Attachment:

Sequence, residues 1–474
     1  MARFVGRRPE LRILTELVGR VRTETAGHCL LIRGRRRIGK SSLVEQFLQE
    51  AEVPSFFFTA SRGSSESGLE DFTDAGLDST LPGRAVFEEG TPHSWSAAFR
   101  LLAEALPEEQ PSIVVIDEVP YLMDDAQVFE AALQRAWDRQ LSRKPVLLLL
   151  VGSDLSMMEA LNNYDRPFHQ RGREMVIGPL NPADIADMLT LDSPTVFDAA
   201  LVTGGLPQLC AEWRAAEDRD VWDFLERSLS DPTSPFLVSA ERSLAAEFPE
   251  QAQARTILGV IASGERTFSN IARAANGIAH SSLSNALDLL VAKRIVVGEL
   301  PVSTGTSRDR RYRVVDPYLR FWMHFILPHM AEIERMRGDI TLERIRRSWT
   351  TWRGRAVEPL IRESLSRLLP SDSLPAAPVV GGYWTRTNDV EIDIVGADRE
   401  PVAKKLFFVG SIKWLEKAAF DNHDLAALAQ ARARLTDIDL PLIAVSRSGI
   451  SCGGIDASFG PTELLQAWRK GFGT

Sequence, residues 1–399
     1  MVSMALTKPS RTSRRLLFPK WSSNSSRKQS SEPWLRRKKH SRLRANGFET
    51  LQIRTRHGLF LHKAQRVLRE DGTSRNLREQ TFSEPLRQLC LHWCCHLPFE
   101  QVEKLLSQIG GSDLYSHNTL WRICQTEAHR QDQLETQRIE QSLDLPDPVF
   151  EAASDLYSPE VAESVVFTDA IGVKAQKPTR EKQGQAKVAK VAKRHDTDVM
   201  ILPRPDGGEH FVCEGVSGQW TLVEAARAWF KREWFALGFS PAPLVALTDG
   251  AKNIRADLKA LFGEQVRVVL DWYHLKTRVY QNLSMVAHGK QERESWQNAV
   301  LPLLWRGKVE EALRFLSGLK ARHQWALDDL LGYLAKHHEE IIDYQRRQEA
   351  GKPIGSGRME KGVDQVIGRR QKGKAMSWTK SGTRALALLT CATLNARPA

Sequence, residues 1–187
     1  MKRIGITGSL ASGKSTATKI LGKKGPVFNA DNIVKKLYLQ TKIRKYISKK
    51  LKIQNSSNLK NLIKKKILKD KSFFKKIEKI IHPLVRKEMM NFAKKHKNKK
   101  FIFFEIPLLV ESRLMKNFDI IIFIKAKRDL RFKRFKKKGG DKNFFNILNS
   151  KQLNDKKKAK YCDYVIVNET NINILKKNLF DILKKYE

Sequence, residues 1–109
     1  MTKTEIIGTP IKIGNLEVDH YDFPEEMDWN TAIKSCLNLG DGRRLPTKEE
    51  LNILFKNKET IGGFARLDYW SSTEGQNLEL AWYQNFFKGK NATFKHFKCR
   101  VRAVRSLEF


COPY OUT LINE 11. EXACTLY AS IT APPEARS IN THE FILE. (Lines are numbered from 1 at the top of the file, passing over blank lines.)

   451  SCGGIDASFG PTELLQAWRK GFGT